• 9. Ghost fishing  The resistance of synthetic material to decay and deployment of large amounts of netting in some fisheries have lead to the problem of “ghost fishing”.   Segments of netting, which are lost accidentally during fishing or deliberately discarded, may continue to fish for an indefinite period of time or at least capable of entangling birds, turtles and marine mammals.  A form of wastage in drift net fisheries comes in the form of dropout of fish during hauling. This has lead to the allegation that drift net fisheries are wasting resources
  • 10. Retrieved gill net
  • 11.  Turtles face threats on both nesting beaches and in the marine environment. The greatest causes of decline and the continuing primary threats to turtles are long-term harvest and incidental capture in fishing gear.  Harvest of eggs and adults occurs on nesting beaches while juveniles and adults are harvested on feeding grounds.  Incidental capture primarily occurs in gillnets, trawls, traps and pots, longlines, and dredges.  Together these threats are serious ongoing sources of mortality that adversely affect the species' recovery.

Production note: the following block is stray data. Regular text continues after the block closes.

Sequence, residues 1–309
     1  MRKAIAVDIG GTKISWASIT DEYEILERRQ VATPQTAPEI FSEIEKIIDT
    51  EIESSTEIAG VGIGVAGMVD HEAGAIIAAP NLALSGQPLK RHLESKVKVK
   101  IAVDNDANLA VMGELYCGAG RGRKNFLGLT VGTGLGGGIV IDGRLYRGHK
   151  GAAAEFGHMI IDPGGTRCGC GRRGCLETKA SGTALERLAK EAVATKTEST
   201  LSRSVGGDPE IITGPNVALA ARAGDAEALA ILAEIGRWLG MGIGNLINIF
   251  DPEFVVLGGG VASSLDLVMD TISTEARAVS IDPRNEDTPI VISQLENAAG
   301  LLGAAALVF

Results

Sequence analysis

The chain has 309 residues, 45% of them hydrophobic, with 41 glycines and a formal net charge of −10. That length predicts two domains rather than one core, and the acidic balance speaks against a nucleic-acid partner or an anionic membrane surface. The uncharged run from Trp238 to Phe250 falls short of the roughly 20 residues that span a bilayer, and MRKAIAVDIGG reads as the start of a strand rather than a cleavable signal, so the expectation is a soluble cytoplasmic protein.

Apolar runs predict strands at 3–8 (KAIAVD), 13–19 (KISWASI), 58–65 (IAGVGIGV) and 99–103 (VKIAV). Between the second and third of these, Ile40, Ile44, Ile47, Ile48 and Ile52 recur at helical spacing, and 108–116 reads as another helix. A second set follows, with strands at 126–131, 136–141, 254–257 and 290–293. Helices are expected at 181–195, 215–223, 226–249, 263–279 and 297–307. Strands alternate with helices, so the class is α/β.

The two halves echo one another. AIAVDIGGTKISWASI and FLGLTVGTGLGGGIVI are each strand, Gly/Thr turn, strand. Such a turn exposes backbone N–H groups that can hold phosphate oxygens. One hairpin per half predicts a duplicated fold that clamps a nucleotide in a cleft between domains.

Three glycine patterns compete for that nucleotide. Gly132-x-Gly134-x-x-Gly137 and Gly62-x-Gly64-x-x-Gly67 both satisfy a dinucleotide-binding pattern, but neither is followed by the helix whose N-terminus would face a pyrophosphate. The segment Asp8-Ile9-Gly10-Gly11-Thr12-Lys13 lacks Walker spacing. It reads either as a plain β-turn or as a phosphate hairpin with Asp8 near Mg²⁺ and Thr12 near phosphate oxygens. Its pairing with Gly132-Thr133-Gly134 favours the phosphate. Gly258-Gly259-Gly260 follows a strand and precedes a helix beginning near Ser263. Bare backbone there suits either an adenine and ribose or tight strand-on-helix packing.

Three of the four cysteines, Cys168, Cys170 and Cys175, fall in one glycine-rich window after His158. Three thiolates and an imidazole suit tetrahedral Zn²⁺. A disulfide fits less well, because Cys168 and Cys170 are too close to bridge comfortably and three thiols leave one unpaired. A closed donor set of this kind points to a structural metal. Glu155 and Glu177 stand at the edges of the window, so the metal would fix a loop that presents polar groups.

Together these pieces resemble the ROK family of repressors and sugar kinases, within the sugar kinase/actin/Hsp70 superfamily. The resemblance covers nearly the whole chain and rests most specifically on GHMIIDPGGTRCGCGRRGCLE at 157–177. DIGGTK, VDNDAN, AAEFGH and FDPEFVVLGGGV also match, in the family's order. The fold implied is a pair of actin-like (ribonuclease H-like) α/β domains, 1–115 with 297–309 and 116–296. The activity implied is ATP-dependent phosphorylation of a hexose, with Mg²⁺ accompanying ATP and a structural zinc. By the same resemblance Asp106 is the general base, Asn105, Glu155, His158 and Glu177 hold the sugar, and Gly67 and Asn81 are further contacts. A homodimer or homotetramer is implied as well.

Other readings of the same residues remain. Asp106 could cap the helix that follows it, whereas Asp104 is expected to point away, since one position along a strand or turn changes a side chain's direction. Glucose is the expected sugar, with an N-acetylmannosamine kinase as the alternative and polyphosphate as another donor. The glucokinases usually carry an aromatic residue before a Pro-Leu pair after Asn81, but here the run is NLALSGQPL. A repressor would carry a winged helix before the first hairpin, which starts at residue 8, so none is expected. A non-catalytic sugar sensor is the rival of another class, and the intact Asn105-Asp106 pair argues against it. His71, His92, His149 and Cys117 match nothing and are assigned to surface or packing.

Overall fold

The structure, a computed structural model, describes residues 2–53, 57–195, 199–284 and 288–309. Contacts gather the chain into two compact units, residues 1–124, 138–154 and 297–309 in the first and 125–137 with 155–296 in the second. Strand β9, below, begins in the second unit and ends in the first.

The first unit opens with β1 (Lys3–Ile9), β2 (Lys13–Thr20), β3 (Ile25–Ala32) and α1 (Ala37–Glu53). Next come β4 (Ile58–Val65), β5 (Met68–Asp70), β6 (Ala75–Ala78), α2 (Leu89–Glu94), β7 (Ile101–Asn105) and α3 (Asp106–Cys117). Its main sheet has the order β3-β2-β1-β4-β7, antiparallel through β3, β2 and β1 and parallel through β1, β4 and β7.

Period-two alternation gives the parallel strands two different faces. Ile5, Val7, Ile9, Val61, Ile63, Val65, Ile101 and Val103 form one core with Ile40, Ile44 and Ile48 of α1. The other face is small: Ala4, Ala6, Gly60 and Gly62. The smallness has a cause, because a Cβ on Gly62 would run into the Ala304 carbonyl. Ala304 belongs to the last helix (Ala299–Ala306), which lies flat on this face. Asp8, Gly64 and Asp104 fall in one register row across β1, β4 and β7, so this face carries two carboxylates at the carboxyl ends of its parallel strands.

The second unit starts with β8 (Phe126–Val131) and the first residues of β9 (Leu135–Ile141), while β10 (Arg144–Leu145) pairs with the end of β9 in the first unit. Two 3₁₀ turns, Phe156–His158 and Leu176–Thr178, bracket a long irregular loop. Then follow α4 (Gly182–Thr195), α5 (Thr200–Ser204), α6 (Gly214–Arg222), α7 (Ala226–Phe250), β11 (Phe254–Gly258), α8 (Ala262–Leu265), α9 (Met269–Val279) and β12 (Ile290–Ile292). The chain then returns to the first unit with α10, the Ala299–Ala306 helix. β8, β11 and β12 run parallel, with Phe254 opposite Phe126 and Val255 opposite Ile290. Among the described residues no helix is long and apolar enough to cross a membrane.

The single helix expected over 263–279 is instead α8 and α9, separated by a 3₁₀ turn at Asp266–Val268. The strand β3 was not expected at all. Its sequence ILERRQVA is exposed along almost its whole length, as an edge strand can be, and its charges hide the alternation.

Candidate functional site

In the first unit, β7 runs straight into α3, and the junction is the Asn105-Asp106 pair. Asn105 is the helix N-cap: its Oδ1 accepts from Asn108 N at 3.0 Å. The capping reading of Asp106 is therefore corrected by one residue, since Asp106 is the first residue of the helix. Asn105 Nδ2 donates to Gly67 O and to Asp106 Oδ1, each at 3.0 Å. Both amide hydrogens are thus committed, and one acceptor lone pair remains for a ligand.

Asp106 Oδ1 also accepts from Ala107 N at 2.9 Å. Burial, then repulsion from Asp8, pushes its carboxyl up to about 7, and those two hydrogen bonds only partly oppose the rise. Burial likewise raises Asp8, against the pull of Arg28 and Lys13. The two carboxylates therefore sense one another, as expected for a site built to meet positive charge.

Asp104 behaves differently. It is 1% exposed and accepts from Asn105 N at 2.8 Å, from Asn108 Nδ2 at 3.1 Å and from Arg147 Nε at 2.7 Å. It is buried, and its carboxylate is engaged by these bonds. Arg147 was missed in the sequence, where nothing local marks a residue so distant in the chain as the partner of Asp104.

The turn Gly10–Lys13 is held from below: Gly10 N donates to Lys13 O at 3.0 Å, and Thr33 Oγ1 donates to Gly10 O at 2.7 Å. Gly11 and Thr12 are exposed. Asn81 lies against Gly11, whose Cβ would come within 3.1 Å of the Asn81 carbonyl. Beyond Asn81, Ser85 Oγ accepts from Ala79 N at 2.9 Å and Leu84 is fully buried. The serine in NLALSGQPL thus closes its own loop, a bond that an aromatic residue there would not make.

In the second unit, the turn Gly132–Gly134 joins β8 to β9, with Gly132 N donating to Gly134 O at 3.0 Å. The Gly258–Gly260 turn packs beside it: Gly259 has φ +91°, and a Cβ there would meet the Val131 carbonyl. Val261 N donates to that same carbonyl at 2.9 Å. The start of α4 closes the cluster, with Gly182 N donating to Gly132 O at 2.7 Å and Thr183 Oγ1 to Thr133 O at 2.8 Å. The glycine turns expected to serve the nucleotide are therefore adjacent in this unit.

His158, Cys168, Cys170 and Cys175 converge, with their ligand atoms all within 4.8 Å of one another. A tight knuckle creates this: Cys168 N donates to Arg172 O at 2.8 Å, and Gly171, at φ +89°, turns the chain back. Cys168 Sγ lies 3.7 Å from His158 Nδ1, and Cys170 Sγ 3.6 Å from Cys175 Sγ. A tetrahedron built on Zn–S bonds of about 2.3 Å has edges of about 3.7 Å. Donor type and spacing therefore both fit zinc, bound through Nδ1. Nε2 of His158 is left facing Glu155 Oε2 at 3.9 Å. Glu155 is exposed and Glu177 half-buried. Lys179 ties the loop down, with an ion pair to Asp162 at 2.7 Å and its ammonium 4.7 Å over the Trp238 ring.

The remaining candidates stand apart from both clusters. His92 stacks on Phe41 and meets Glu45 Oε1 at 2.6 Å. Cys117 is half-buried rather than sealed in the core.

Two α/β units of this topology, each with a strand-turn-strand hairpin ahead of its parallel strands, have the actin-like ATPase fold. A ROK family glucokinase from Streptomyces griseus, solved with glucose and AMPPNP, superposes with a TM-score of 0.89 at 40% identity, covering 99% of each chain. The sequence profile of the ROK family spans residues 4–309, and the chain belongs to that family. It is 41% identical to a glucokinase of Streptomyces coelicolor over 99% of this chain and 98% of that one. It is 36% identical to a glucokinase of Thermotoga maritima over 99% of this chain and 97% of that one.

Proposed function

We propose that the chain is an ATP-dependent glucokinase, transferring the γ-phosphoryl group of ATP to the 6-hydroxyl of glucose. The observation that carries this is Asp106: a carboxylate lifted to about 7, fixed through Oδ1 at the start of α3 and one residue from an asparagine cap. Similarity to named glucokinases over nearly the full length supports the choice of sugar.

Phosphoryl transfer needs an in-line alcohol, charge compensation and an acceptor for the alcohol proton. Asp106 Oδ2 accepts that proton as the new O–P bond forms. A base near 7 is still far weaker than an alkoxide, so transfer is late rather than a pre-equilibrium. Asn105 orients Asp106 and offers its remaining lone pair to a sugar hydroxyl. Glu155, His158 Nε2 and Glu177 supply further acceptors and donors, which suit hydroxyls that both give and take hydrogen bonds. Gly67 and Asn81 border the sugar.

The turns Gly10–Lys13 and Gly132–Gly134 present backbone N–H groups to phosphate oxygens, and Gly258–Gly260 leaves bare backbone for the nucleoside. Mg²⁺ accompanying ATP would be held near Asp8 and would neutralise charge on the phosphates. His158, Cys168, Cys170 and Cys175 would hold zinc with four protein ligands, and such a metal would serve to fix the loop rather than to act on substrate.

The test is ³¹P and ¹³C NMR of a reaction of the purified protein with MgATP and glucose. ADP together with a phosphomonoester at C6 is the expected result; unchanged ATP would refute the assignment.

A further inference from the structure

• 12. Longline fishing  Hooks and lines contribute about 12% of the world fish landings.  Longlines are known to catch, snag or entangle many species such as sea turtles, sea birds and fishes other than target species, during operations.  There are no foolproof methods available so far to prevent the incidental capture of these non-target organisms, during longline operations.
  • 13. 1. A wandering Albatross is hooked and drowns 2. With its partner lost at sea this bird cannot breed 3. A sole parent is not able to rear its chick, the chick will die
  • 14. Hooked Albatross in Longlines
  • 15. Hammer headed shark in Longlines
  • 16. Trawls  Contributes approximately 40% of the total fishery.